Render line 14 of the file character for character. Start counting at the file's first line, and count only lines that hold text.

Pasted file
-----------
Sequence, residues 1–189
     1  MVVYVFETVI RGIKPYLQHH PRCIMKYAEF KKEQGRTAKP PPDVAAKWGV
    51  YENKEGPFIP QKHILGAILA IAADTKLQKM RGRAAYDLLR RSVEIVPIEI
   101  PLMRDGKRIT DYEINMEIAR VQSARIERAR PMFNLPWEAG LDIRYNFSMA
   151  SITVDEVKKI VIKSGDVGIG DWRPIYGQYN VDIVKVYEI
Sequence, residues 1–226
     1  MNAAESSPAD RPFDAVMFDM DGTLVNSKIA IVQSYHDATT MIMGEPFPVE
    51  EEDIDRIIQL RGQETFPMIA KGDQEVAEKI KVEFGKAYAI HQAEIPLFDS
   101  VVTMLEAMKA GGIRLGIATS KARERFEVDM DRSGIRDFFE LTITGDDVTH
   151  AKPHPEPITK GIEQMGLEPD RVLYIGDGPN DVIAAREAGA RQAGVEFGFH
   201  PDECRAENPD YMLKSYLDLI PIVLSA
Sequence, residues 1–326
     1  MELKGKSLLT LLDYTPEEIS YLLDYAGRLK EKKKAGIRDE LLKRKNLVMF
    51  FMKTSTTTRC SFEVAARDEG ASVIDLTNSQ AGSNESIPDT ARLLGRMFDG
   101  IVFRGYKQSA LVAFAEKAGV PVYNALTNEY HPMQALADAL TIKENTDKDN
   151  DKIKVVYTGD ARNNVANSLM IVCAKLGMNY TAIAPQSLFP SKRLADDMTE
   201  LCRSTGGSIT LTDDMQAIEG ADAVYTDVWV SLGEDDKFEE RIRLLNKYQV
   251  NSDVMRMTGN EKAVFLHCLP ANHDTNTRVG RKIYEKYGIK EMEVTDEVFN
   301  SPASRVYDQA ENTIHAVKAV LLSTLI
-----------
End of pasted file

    51  FMKTSTTTRC SFEVAARDEG ASVIDLTNSQ AGSNESIPDT ARLLGRMFDG